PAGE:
Sunday, November 24, 2013

What Martha Stewart doesn't know about Food Photography.

BAD FOOD PHOTOS

Recently Martha Stewart posted a series of really bad food photos on Twitter and people started bashing her photo tweets.  Why? Well because the food looked like some tired chef just tossed food in a rush on a plate and then Martha took a fast pic in bad lighting showing that same food.  Martha Stewart may be the Queen of Entertaining but she has a lot to learn about food photography and what looks good in a picture.  We can't all be perfect in everything.  While I myself have taken a lot of bad food photos I have also taken a few good ones just with my Ipad or a simple point and shoot camera.  The most important thing in taking a good food photo is LIGHT.  That's the most important thing in photography and the most important thing to make food look good.



Some of the Golden Rules of Food Photography:


  1.  Use natural daylight if possible
  2. Try and make sure the light isn't too bright to washout the contrast of the light on the food.
  3. Don't ever use the flash on your camera straight on your food unless you are sitting in a pitch black room but even then your food won't look good.
  4. Think about composition and framing and read up on the law of thirds if you don't understand that.
  5. Make sure there is contrast in color on the plate.  Example of what won't work ever is White plate, white food and bright light.  It will just look like a plate of snow.   Same thing goes for black plate black food etc.   You get the picture*  black food on a white plate will give you excellent contrast but you have to know about lighting to make it look really good.

Here are some photos of Bad, Good, Better and Best in some of the shots I took recently and the differences in lighting.

1.  BAD

This photo was shot using my IPAD in an artificial lighted restaurant.  It's out of focus and kind of boring.  There is a bit of color but I couldn't have made this look a whole lot better with better lighting and more time paid to the way the Calamari were plated and the composition of the food.  It was a quick shot and not even as bad as some of Martha Stewart's photos of puke like looking boring dark food.


2.  Here's where the different lighting sources really shows the difference in how your food would look with different light sources.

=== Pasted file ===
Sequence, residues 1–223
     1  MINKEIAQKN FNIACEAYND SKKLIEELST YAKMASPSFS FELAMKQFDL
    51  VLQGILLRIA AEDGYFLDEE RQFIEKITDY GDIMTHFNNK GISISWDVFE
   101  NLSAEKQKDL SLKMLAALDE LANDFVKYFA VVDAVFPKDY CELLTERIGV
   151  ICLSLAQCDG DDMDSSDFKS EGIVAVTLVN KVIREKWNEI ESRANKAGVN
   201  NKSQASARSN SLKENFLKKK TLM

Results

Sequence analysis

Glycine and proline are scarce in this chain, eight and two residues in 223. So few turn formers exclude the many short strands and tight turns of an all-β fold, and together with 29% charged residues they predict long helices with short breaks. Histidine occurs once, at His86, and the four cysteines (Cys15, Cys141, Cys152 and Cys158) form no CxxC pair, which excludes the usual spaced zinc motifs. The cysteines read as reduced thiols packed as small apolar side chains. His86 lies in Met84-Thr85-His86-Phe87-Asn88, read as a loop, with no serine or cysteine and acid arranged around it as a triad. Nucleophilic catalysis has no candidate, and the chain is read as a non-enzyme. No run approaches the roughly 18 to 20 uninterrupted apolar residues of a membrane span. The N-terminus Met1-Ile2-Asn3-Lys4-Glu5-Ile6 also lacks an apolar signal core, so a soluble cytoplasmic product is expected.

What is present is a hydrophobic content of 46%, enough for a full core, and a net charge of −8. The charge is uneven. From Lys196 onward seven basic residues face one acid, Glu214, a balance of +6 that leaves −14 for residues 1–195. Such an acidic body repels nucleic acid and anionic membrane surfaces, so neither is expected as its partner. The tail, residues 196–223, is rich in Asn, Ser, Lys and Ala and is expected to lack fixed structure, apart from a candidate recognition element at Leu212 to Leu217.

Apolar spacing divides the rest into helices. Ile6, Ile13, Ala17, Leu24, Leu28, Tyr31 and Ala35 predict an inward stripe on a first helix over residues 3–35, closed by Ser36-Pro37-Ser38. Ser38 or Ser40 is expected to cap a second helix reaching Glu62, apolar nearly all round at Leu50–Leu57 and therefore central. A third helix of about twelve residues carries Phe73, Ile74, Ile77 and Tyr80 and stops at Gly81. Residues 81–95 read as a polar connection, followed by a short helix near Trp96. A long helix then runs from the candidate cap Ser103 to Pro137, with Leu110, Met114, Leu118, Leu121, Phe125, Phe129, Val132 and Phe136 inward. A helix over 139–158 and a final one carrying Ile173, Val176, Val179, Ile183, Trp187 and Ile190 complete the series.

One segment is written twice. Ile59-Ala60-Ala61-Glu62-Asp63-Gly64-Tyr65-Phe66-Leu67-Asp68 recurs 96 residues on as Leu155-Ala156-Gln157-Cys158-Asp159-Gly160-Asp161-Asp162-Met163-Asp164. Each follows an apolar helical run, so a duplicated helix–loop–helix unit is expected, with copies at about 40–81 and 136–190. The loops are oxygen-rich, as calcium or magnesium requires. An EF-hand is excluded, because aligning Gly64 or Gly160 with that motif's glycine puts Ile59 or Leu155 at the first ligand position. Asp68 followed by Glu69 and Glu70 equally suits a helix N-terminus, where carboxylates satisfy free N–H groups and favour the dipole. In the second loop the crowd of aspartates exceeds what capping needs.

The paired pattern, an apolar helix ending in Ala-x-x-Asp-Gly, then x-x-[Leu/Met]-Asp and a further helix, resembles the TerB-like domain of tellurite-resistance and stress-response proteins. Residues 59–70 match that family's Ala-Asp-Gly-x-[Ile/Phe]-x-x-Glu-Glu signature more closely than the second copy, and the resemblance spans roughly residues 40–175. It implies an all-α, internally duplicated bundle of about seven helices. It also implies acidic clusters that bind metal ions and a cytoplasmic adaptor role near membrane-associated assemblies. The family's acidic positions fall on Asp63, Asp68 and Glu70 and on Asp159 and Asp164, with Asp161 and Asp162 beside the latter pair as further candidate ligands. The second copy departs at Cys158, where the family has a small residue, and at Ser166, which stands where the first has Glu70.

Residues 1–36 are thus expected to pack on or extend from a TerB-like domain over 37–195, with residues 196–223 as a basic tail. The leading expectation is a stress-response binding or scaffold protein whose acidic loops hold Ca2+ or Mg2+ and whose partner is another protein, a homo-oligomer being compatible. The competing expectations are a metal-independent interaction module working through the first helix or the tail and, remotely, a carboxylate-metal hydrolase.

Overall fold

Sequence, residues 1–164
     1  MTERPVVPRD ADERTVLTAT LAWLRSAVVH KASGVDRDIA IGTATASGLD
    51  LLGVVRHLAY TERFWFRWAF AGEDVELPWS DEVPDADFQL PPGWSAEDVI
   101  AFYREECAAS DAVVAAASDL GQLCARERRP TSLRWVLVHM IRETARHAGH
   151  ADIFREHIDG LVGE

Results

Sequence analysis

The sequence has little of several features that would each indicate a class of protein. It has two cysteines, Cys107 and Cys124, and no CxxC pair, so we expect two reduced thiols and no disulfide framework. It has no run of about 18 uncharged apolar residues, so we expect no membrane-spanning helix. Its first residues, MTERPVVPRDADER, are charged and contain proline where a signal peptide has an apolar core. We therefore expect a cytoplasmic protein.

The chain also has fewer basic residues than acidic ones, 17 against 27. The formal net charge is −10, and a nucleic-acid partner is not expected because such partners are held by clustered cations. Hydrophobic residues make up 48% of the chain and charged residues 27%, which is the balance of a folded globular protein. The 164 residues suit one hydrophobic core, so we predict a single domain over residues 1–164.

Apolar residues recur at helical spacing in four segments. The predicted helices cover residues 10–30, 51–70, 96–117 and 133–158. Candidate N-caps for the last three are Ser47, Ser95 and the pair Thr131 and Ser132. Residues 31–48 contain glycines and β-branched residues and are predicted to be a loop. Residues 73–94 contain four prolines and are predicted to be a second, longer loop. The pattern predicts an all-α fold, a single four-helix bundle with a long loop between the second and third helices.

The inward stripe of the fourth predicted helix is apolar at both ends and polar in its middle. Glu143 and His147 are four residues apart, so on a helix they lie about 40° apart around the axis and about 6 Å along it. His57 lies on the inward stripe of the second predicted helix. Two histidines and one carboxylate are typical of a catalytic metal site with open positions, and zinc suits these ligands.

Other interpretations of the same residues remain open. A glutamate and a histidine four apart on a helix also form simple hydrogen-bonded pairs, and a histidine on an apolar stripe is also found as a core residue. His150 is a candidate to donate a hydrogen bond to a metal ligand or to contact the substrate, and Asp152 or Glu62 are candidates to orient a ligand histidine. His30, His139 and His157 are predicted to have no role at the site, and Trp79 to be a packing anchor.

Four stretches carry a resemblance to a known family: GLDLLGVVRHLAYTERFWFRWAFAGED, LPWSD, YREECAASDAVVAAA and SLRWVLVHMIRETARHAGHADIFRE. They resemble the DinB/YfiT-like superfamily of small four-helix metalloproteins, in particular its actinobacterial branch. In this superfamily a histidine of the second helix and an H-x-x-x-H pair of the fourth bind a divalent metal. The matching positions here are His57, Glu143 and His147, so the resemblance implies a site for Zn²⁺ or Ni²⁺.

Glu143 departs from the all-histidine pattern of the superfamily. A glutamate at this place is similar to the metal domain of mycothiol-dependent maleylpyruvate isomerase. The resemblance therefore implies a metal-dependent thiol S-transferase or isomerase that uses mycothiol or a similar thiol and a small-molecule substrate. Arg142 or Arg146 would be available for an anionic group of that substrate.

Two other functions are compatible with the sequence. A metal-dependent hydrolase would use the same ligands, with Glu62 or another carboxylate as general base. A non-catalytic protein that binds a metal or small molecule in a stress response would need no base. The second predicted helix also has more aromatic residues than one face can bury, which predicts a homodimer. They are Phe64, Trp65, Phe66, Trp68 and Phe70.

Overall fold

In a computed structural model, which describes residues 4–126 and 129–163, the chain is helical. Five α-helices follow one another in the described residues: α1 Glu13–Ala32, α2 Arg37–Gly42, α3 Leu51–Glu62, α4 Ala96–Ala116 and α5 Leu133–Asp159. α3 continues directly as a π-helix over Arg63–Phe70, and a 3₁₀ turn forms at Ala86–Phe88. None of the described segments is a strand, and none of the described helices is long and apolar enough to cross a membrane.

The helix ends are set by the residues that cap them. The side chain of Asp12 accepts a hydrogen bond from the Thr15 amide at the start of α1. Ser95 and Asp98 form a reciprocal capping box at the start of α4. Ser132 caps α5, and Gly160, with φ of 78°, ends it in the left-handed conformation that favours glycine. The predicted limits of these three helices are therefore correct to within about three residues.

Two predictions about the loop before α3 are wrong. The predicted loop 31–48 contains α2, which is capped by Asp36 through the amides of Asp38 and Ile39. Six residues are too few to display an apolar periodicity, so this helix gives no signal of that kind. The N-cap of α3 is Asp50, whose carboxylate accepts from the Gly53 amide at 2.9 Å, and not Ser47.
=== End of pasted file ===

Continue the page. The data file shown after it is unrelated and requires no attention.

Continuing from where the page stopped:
The first photo of Martha Stewart's Biscotti recipe that I made plated on a white plate with silver pattern was shot after I made them and it was at night in my dark apartment so I tried to turn on a desk light to add more light  You can see the that it's too bright on the right where the light is coming from and then there is a huge dark shadow on the left.




This second photo was shot in my kitchen with the biscotti just placed on a white cutting plastic cutting board on top of a red one.   It looks flat and the color is bad because the lighting was the fluorescent ceiling lights in my kitchen.  The worst lighting for everything.

 This is the same photo but I used an Instagram filter to bump it up a little bit and it cropped it.  Better but not great.









This last photo was shot the next morning when the natural sunlight comes through my northern facing apartment.  I have limited times where I get maximum light quality and I got lucky that I had these 2 beautiful rays of light that just hit a nice spot on the biscotti.

What I also did was place the biscotti on textured boards.   First on the wooden cutting board and then on a slate board.  I moved it around until I liked the placement, the composition and the light that was coming through the window.

Now compare the first photo to this one and you can really see how a simple biscotti photo can go from a cookie that looks eh.. to a biscotti cookie that you want to eat.

GREAT



I think Chefs should take photography and food styling classes before opening their restaurants and maybe some other arts classes so that they can really maximize the way their food looks on the plate so that people can eat with their eyes first and really have the brain wake up to what they are about to eat.

I always love it when I go to a restaurant where there is beautiful lighting,  beautifully plated food and the taste of the food to match.   That's food perfection and a dream for any food blogger or foodie.

Chef's and Restaurant designers take note.    A restaurant trick many restaurants use is to serve on white plates so that the food colors stand out..  see back to beginning when I mentioned white food on white plates.   You can only do this if you toss on something extra with color, even if it's just parsley or paprika to break it up.

Oh by the way,  this last photo was just shot with my ipad and I used the Lo-Fi Instagram filter which is my favourite food filter.   No photoshopping or any other special lighting or correction.

I am constantly striving to make the food that I make look and taste better and try and find ways to experiment with taking the photos in the use of different backgrounds.  I use plates, platters, cutting boards, place mats and foam core or whatever else I can get my hands on that I can use to change up my photos.

So this post is for you Martha Stewart or all of the rest of you Martha Stewart wannabees or food loving photography challenged people.

I hope some of my quick tips help you eat with your eyes first from now on.

Happy snapping and eating.

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